I just realized that, for all my big talk, I can’t define what would indicate a spiritual master to me personally because I don’t really believe it’s possible. It’s that whole eternity of mysteries thing again. I don’t even think there are any gods who are spiritual masters in that sense. Certainly they are more masterly than I am, but master implies full control and knowledge of everything having to do with the spirit.

Well now… I just got my definition there, didn’t I?

Is that achievable to humans? I don’t think so.

Is that achievable to any being? Not any being I know of. The only being I can think of that would be a spiritual master by this definition would be big “G” God because he is supposed to be omniscient, omnipresent, and omnipotent. That would apply to the spiritual realm as well. I, however, do not believe there is such a god possessing those qualities, so I suppose I have aced myself out of believing there is any true spiritual master anywhere.

Darn.

There are still questions: If pure spiritual mastery is not attainable, might there still be something we could designate as human spiritual mastery? That would be attaining all the knowledge and control of spirit of which a human is capable. But that comes down to faith. A person who may be considered a spiritual master in Buddhism could be considered hopelessly spiritually ignorant by adherents to other religions. Hopelessly spiritually ignorant or even evil.

Words. Words. Words. And yet I believe I’ve actually only established three things:

  1. True, objective spiritual mastery would only be attainable by a sentient being who is omniscient, omnipotent, and omnipresent.
  2. Only subjective spiritual mastery is attainable to humans.
  3. The criteria for human spiritual mastery depends upon the faith of the title-granting person or people. One woman’s guru is another woman’s out-to-lunch weirdo.

If these three things are true, then we are all left to define for ourselves what a spiritual master is and what she should be able to do.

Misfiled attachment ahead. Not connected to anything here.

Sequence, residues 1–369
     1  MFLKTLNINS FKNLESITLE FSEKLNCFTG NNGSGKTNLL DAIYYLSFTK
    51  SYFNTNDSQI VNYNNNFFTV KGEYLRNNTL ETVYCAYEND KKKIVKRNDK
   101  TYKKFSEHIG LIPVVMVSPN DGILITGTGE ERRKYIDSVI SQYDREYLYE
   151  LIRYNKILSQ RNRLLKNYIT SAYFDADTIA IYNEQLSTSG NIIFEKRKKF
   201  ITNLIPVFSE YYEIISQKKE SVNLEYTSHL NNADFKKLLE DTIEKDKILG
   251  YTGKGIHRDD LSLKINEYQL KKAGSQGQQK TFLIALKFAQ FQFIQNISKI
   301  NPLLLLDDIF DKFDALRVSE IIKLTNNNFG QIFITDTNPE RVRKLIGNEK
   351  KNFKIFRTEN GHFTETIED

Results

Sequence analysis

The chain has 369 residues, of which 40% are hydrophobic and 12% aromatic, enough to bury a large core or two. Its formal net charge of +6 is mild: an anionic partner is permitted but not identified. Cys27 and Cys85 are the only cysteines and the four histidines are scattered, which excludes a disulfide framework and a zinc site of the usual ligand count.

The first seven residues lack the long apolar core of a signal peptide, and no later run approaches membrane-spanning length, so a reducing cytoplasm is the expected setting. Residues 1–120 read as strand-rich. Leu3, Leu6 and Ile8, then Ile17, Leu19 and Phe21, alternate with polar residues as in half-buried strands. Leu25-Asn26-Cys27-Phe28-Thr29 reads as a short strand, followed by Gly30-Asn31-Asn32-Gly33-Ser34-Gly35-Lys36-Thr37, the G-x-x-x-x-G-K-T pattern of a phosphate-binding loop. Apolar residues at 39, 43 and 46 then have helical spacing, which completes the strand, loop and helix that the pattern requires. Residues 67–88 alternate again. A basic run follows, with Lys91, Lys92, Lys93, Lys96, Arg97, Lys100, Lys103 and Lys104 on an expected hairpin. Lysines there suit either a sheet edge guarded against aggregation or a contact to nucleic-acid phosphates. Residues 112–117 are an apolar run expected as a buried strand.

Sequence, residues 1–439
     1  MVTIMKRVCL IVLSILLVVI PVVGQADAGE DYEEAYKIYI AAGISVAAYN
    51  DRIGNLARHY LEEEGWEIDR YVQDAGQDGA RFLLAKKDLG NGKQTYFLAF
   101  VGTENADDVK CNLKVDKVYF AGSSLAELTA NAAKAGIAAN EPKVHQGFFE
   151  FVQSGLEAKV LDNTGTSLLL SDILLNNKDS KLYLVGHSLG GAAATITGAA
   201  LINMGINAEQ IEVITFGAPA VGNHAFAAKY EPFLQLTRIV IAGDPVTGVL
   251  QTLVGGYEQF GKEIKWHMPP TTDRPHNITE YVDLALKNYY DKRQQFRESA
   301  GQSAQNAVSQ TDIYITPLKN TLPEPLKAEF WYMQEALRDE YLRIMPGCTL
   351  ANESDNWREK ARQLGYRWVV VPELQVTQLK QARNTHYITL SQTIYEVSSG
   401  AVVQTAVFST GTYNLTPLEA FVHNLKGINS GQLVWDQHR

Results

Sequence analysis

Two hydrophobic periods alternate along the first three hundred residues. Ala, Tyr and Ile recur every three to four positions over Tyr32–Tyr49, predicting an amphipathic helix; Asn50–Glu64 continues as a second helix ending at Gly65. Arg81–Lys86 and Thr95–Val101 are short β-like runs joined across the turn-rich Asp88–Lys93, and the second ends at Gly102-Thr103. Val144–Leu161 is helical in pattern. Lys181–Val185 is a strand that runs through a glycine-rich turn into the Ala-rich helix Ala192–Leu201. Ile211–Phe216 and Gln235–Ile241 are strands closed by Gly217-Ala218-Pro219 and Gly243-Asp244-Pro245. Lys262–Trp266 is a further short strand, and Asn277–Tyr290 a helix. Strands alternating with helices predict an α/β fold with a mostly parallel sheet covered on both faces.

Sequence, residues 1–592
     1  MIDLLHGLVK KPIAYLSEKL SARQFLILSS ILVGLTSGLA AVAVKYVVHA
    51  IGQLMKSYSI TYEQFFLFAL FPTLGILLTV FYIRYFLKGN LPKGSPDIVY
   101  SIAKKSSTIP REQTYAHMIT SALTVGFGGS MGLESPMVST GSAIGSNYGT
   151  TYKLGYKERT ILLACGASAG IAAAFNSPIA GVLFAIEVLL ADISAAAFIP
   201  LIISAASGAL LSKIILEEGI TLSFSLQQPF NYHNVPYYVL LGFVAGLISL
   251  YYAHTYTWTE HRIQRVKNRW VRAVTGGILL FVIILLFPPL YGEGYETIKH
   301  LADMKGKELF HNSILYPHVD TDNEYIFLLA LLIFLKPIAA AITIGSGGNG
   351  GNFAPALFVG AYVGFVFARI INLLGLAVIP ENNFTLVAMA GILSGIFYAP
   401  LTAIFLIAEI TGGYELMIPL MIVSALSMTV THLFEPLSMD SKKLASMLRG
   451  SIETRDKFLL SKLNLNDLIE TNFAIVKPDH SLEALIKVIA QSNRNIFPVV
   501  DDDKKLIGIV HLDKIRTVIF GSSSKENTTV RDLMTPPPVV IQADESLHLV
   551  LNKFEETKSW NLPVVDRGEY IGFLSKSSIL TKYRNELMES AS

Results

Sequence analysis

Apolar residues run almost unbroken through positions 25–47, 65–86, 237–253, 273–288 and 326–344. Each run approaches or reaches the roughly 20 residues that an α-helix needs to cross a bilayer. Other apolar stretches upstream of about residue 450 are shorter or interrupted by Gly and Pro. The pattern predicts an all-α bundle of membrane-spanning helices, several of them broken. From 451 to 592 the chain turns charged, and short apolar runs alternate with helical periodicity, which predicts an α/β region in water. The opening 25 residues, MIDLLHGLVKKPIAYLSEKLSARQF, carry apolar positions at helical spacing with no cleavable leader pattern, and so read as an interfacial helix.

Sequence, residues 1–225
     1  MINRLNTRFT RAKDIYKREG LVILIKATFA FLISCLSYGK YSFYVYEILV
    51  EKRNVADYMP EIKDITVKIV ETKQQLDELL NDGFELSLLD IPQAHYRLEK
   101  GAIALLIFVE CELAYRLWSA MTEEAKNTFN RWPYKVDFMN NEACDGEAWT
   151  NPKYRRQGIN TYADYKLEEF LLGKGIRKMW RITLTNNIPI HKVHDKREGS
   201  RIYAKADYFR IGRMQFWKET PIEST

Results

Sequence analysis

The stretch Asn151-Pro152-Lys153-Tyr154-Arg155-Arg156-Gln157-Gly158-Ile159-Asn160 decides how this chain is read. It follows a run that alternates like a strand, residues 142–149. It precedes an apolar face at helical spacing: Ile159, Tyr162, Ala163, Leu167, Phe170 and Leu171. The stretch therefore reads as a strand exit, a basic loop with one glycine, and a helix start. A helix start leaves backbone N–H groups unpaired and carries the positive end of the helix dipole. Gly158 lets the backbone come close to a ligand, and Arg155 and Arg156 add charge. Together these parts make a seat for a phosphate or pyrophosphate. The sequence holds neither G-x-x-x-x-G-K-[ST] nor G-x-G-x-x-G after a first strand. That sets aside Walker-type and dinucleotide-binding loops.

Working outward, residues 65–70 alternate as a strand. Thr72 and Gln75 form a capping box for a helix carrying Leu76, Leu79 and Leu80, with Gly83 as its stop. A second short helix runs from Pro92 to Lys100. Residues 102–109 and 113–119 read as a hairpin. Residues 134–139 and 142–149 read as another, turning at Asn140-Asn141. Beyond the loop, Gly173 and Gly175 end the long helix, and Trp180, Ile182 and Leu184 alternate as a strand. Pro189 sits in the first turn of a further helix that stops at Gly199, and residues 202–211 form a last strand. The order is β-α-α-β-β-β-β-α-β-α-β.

Sigh. Thinking for myself is hard.

I fear this one is going to have to be a two-parter. “Revenge of the Spiritual Master” coming to a blog near you. Winter 2019. Look out now!

-M.

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About M. Ashley

Essayist and poet, my work has been rejected by some of the finest journals in America. Fortunately, it also gets accepted from time to time and has appeared in equally fine journals such as Word Riot, Inlandia, Brew City Magazine, and SageWoman among others.. In 2002, I was awarded the Academy of American Poets Prize for Vanderbilt University. For no good reason, I possess an unnecessarily dark humor which is why being third generation California Inland Empirian delights me so. My gods are weird. I once received $350 for writing a smartassed essay on “why the wise use of water is important in my daily life”. I am undoubtedly the Greek god Hermes’ special snowflake. I’m pretty sure I got into college via a series of fortuitous clerical errors. When I had to grow up and get a real job, I decided against it and stayed a writer. I have worked many odd—and I mean odd—jobs to support my habit: Commercial writer for country music hopefuls, resume massager, WalMart fitting room attendant and switchboard operator, telephone psychic.